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Am J Physiol Renal Physiol. 2007 Jan;292(1):F123-30. Epub 2006 Aug 22.

Sensitization of pelvic nerve afferents and mast cell infiltration in the urinary bladder following chronic colonic irritation is mediated by neuropeptides.

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Division of Gastroenterology, Hepatology, and Nutrition, Department of Medicine, University of Pittsburgh School of Medicine, Pennsylvania, USA.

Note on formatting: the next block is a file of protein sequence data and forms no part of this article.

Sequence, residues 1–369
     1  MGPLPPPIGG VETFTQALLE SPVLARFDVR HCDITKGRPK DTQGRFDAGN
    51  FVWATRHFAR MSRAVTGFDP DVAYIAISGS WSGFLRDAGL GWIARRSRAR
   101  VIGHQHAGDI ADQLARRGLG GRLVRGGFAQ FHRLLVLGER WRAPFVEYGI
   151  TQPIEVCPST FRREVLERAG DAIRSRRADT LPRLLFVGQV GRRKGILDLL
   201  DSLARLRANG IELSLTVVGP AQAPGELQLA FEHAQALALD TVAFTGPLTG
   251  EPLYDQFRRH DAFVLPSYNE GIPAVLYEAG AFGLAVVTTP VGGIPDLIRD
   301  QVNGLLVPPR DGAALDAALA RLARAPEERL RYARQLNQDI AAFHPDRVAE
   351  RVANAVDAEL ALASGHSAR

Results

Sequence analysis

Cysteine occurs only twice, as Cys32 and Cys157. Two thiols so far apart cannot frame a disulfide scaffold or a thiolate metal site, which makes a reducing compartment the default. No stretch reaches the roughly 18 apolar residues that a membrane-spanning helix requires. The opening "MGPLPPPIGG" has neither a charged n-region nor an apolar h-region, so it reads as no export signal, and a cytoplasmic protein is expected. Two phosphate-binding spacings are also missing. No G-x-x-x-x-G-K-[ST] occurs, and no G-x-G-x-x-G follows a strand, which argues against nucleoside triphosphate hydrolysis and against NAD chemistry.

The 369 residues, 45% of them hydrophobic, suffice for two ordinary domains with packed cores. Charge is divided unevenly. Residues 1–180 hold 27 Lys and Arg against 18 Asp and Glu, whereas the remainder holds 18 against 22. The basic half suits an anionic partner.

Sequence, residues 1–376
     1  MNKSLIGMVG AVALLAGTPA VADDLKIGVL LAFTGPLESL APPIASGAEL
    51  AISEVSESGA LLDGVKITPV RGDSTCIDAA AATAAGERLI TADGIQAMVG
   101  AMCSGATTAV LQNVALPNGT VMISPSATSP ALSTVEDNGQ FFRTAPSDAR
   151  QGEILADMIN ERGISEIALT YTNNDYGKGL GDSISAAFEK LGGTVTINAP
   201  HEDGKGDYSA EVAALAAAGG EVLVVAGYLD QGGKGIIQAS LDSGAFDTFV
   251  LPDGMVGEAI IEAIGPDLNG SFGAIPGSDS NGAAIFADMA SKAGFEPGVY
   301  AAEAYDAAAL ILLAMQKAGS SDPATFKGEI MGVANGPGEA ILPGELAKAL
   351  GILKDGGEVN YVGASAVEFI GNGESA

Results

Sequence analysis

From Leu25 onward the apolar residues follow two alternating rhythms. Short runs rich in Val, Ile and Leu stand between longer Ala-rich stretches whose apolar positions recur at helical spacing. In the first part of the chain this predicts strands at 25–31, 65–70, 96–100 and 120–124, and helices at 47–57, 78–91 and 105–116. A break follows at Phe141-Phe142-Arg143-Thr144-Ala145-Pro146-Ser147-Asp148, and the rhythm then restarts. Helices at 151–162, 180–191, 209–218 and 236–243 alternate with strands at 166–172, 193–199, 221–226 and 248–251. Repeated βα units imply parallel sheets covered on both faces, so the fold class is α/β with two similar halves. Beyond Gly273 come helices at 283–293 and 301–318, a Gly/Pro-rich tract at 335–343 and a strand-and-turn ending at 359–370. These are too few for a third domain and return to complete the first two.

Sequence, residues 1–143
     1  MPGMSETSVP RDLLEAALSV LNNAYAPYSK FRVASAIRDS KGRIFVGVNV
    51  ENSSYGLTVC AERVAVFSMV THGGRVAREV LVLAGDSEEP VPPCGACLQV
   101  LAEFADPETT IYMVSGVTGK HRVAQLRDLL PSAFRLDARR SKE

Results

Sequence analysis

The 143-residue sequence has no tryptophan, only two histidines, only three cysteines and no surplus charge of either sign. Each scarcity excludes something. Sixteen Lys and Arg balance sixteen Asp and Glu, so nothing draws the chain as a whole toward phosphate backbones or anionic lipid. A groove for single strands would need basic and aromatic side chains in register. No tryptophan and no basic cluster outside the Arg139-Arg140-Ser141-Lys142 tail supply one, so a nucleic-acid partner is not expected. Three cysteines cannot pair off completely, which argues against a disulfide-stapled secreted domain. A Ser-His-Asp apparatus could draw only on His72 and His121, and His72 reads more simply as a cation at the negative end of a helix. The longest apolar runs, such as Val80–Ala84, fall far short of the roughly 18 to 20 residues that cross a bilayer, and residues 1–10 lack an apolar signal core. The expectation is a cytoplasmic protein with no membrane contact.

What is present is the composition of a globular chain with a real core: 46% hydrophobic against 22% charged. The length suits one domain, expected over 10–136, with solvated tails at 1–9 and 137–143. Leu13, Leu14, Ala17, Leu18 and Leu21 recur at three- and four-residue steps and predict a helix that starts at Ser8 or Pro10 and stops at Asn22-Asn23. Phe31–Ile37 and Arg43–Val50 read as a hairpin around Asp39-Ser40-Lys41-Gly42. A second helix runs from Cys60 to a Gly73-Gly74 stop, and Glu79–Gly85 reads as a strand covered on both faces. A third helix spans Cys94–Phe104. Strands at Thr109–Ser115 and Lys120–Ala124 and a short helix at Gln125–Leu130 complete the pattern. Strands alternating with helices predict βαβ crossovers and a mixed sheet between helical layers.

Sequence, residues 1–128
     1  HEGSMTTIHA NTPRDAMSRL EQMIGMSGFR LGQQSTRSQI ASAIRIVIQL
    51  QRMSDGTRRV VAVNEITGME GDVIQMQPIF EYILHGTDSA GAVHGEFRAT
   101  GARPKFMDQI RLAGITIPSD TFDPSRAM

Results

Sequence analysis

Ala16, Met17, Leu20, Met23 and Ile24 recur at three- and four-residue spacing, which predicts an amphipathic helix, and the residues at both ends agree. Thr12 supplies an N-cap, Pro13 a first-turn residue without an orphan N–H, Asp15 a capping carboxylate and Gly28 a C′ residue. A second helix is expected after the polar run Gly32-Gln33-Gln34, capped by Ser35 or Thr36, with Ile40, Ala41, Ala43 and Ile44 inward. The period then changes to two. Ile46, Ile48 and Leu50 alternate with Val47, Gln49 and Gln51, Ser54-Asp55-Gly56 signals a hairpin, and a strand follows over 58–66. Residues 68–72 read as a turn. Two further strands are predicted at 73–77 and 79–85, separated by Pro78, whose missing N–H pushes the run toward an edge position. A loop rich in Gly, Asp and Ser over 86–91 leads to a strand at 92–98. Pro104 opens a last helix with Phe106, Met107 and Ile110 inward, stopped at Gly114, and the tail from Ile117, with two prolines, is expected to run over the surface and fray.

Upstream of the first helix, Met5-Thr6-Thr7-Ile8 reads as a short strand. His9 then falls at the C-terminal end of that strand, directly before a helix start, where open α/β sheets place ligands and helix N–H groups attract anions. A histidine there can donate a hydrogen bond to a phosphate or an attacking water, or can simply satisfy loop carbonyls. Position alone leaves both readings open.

Irritable bowel syndrome and interstitial cystitis frequently overlap. We have shown that acute colitis sensitizes urinary bladder afferents to both mechanical and chemical stimuli and that chronic colitis similarly produces neurogenic cystitis. We hypothesize that chronic irritation of the colon releases neuropeptides from bladder afferents, leading to receptor sensitization and neurogenic inflammation. Female Sprague-Dawley rats received intrarectal trinitrobenzenesulfonic acid (TNBS) or vehicle 3 days following either systemic capsaicin (CP) pretreatment or vehicle. Ten days later, action potentials of single-unit pelvic C-fiber afferents with receptive fields in the bladder were recorded under urethane anesthesia during graded bladder distensions (UBD) or intravesical capsaicin (vCP) administration. In controls, UBD increased bladder afferent firing in proportion to intravesical pressure. At intravesical pressures of 30 mmHg and above, the percent increase in afferent firing was significantly accentuated following TNBS compared with controls (1,222 +/- 176 vs. 624 +/- 54%, P < 0.01). The response to vCP was also enhanced (4,126 +/- 775 vs. 1,979 +/- 438%, P < 0.01). Systemic depletion of neuropeptides from sensory nerves abolished these effects. Histological examination of the bladders revealed an increase in mast cell density in TNBS-treated animals compared with controls (18.02 +/- 1.25 vs. 3.11 +/- 0.27 mast cells/x100 field, P < 0.01). This effect was significantly ameliorated with CP (10.25 +/- 0.95, P < 0.5 vs. TNBS-treated animals). In summary, chronic colonic irritation in the rat sensitizes urinary bladder afferents to noxious stimuli and causes mast cell infiltration in the bladder. Depletion of neuropeptides from sensory afferents diminishes these effects, suggesting they play an important role.

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